The nation is parched, reservoir levels are low and a drought looms. It was against this backdrop that Premier Jiang Yi-huah (江宜樺) said he was hoping a typhoon would come along soon to offer some respite. This comment was roundly criticized.
It is only March and the typhoon season is four or five months away. Saying you hope a typhoon will come soon to drown out the drought does not make sense. While it is true that typhoons do bring rain, they cause a lot of damage. In 2009, the Water Resources Agency praised Typhoon Morakot for the much-needed water it brought — the highest amount of rainfall in 50 years — that filled the reservoirs to the brim and ended a drought. However, with such heavy rainfall over such a short period came much destruction and more than 600 lives were lost.
Rainfall during the typhoon season accounts for more than 55 percent of the nation’s annual water supply. They are the main source of water, followed by the East Asian rainy season, or plum rains, in late spring and early summer. It makes more sense, then, to put one’s hope in the plum rains, not some premature typhoon.
Taiwan is surrounded on all sides by water and it rains frequently. The public need to learn how to have a positive relationship with weather fronts and typhoons, and to value the rain they bring.
Although it rains often, the rivers running down from the mountains are relatively short and rapid-flowing because of the steep gradient, and storing the run-off presents a problem. The public is often unaware of the importance of conserving water until a drought hits.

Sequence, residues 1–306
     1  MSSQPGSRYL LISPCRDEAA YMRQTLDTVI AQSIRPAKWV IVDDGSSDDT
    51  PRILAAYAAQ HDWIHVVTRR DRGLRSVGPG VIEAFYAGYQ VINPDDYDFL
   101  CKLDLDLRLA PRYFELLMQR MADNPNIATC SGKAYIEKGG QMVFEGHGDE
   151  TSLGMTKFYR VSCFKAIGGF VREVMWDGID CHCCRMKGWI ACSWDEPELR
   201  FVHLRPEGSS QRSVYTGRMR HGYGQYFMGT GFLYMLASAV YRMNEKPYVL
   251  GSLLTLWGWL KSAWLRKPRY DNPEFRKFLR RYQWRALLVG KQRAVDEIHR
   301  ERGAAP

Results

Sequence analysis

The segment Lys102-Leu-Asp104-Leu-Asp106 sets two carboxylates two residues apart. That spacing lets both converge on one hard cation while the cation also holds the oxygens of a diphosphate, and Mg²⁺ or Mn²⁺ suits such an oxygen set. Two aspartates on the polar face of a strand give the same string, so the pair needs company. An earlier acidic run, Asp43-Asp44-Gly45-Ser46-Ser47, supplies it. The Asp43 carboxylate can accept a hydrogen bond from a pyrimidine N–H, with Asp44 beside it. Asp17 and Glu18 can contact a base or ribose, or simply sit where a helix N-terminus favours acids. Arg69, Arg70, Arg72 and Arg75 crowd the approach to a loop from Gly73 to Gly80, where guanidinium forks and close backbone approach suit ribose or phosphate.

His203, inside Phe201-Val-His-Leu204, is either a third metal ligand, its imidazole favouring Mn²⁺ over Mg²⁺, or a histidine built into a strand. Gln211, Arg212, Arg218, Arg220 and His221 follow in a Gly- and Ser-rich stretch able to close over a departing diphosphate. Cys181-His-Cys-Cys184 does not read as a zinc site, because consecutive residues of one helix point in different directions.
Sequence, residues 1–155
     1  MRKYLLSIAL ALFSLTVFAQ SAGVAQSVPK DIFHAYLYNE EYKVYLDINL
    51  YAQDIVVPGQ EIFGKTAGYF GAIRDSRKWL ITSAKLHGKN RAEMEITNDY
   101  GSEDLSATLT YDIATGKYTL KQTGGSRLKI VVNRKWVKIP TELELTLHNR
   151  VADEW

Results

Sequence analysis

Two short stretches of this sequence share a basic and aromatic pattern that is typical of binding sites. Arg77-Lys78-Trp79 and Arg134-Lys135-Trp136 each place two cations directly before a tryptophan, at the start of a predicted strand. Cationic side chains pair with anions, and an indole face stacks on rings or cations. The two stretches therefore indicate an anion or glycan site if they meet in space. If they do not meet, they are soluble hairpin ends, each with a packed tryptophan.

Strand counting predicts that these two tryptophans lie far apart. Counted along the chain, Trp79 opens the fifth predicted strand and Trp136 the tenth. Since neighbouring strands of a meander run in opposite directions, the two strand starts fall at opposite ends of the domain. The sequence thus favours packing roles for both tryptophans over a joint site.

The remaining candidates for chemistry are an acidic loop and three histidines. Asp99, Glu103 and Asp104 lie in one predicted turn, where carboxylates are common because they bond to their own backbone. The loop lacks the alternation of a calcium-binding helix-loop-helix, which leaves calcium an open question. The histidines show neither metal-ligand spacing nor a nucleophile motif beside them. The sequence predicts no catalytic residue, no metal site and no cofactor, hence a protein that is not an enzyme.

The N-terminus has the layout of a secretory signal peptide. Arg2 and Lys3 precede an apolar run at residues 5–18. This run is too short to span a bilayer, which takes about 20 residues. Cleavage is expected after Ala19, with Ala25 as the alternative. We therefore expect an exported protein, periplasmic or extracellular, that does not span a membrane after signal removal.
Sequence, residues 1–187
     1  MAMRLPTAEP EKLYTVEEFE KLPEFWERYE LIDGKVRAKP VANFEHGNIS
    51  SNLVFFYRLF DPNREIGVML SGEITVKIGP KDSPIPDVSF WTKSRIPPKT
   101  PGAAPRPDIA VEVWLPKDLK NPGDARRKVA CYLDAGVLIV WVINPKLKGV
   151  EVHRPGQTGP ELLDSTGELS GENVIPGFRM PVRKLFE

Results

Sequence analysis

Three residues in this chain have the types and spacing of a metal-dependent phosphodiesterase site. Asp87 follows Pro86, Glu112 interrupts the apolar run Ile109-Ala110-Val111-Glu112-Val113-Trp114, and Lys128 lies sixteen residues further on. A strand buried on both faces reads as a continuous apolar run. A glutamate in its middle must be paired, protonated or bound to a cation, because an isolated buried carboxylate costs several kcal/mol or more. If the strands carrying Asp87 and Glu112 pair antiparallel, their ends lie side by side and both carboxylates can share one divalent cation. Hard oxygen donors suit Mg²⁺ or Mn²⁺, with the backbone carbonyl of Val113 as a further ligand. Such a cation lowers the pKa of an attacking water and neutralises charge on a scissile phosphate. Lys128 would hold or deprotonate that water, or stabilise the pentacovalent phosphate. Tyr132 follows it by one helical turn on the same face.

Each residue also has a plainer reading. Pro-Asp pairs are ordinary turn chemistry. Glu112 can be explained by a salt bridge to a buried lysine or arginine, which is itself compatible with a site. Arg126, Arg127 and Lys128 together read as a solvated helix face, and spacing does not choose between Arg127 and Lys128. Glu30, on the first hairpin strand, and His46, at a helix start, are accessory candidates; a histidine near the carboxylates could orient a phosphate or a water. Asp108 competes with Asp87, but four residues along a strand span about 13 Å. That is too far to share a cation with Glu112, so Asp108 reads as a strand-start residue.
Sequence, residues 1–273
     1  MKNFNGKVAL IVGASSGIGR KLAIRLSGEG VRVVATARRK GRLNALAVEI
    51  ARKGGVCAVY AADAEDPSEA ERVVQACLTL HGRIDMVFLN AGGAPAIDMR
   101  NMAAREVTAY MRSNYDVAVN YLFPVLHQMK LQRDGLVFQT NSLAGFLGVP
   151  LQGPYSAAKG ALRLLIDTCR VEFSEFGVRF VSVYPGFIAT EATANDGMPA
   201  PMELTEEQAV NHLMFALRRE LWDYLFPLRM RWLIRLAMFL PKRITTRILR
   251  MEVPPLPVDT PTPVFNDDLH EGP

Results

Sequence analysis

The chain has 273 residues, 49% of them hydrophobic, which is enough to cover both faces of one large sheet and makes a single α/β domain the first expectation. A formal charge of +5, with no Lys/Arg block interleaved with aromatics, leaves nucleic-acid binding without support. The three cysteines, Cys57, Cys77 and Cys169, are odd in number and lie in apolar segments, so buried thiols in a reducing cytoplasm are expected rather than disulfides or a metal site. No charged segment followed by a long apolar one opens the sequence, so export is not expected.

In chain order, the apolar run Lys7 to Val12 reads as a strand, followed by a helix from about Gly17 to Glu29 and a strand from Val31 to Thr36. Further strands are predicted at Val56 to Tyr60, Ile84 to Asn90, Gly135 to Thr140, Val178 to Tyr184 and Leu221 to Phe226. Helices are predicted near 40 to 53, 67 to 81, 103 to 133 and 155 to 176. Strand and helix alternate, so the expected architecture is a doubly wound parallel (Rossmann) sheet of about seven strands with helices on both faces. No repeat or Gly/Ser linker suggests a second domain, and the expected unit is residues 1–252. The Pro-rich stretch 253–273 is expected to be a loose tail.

The government should not have to pray for rain. Its job is to review the nation’s water usage strategy and to decide how much water is allocated for industrial use and how much for the general public. Naturally, the priority should go to the latter, but when water resources are low, it is only right that swimming pools and car washes are among the first things to be restricted.
Water-intensive farming also needs to be addressed during times of shortage, by controlling the water supply or even by encouraging a change to drought-resistant crops.
The water allocation policy needs to be rethought for water-intensive industrial processes by, for example, requiring companies to increase their use of untreated water.
If the government is concerned about droughts, it should be looking at the use and reuse of existing water resources, and perhaps also at setting the price of water at levels that will encourage the public to conserve it. If all the sewage treatment plants nationwide were operational and half of the 3.8 million tonnes of water used every day was recycled, we would not need to build another reservoir.
The nation already has many reservoirs. Unfortunately, they are prone to getting clogged up by silt from the deforested mountainous regions, helped along by frequent earthquakes and landslides. This silt not only reduces the capacity and operational lifespan of reservoirs, it is expensive to remove. The government should think about how to maintain upstream regions and protect the environment in those areas, to help keep reservoirs free of silt.
As global climate change exacerbates the cycle of droughts and floods, it is going to take more than simply regulating the supply and allocation of water resources to ensure our water needs are met. The government is going to need to come up with a national land usage and industrial restructuring plan, including land development, allocation and usage, a move away from water-intensive industries and a more efficient supply of water resources.